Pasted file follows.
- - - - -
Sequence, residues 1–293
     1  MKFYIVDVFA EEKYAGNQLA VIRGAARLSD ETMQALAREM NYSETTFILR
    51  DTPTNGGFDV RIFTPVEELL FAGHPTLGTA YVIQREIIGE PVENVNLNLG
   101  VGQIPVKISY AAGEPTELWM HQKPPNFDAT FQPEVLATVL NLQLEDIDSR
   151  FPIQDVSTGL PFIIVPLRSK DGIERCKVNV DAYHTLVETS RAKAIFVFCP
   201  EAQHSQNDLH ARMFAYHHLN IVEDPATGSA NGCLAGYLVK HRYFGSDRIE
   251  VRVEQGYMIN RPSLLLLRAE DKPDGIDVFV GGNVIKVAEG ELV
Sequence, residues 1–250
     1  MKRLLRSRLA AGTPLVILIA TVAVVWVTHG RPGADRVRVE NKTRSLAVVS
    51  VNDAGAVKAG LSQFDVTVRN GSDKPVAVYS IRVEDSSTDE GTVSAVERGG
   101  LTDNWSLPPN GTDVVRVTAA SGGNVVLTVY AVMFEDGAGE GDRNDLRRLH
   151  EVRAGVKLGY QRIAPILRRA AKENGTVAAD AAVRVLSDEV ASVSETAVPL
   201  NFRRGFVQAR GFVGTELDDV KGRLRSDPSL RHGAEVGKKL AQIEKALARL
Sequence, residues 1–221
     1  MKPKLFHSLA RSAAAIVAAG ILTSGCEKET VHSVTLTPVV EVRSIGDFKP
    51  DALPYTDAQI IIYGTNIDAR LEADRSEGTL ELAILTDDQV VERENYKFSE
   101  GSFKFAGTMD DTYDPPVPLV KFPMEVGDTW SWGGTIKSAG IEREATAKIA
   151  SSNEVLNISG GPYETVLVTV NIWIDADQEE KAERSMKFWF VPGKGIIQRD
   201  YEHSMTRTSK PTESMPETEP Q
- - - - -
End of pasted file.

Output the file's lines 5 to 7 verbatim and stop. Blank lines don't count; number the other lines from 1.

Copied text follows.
   151  FPIQDVSTGL PFIIVPLRSK DGIERCKVNV DAYHTLVETS RAKAIFVFCP
   201  EAQHSQNDLH ARMFAYHHLN IVEDPATGSA NGCLAGYLVK HRYFGSDRIE
   251  VRVEQGYMIN RPSLLLLRAE DKPDGIDVFV GGNVIKVAEG ELV